Democrats criticize de Blasio for approving co-locations
Three City Council members from Brooklyn took the rare step of criticizing the mayor on Thursday, after Bill de Blasio announced he will allow 36 public and charter schools to move into existing schools.
The mayor reversed nine co-locations, which had previously been approved by the Bloomberg administration, but allowed the bulk of the space-sharing arrangements to go forward.
"If the overreaching consideration is what's in the best interest of the students, then we should deny these charters entry into District 21," Councilman Vincent Gentile, an early de Blasio supporter, wrote in a press release.
The Council has been reluctant to question de Blasio's policy choices thus far, but Gentile said he was "very disappointed" with the administration's decision to move Coney Island Prep into I.S. 281, claiming it "does not square with the facts as we presented."
He said the intermediate school is "already busting at the seams."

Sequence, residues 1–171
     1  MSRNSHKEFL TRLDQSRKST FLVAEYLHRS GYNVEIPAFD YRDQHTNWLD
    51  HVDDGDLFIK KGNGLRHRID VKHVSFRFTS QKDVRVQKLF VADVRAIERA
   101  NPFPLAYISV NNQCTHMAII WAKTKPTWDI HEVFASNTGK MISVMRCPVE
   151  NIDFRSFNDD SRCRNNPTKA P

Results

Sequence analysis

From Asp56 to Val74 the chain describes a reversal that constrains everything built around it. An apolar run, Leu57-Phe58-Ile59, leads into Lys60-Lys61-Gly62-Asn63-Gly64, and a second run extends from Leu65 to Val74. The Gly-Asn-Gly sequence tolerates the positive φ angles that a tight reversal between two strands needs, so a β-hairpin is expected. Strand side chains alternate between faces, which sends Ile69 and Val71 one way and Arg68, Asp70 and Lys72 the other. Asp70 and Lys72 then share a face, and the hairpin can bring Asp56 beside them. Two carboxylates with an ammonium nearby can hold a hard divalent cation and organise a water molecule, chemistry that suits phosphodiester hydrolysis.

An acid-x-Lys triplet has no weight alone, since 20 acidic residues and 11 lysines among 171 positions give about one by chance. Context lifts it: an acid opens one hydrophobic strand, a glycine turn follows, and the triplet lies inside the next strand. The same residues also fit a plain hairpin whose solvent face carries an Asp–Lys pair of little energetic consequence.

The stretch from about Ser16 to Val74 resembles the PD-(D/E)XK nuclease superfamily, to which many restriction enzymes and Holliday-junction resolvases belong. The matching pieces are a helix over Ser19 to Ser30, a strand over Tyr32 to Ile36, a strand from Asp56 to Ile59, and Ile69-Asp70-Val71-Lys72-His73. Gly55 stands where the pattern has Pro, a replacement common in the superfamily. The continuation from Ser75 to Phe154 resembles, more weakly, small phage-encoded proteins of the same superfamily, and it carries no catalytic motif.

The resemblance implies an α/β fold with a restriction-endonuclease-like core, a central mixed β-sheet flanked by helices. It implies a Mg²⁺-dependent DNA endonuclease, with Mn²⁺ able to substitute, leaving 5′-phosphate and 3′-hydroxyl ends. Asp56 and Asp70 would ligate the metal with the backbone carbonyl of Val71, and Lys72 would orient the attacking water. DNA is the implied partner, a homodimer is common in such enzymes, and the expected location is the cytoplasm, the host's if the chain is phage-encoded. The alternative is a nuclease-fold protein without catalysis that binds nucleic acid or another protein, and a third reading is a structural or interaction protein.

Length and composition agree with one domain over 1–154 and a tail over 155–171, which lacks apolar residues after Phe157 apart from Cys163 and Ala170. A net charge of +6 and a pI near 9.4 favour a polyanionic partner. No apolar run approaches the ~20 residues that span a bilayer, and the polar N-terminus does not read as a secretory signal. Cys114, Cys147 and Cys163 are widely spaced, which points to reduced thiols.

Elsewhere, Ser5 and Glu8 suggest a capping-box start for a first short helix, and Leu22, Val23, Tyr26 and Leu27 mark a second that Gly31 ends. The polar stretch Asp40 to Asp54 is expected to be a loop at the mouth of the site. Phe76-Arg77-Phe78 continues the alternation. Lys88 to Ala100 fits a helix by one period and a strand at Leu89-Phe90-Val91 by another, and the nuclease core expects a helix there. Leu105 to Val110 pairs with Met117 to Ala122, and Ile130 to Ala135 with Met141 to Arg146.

Councilmen David Greenfield and Mark Treyger piled on in the joint press release.
Greenfield, who helped elect de Blasio's preferred speaker candidate, Melissa Mark-Viverito, said a co-location in his district "will come at the expense of the school's dedicated staff and hard-working students."
He criticized the approval of a charter into I.S. 96, while laying blame on the city's former schools chancellor.
"It's no secret that the only reason this charter school was approved was because of political reasons by Chancellor Dennis Walcott to satisfy a powerful charter school operator," Greenfield said, referring to Eva Moskowitz, who operates the charter school network in the city.
He promised "to fight this decision tooth and nail."
Treyger, a new councilman, said the choice to approve two co-locations "defies logic."
Meanwhile Mark-Viverito, one of de Blasio's closest political allies, disagreed with his choice.
"I am concerned about the fact that the vast majority of co-locations approved by the previous administraiton will be moving ahead as proposed, but remain confident that we can work with the de Blasio administration to reach the right balance," she said in an email to reporters.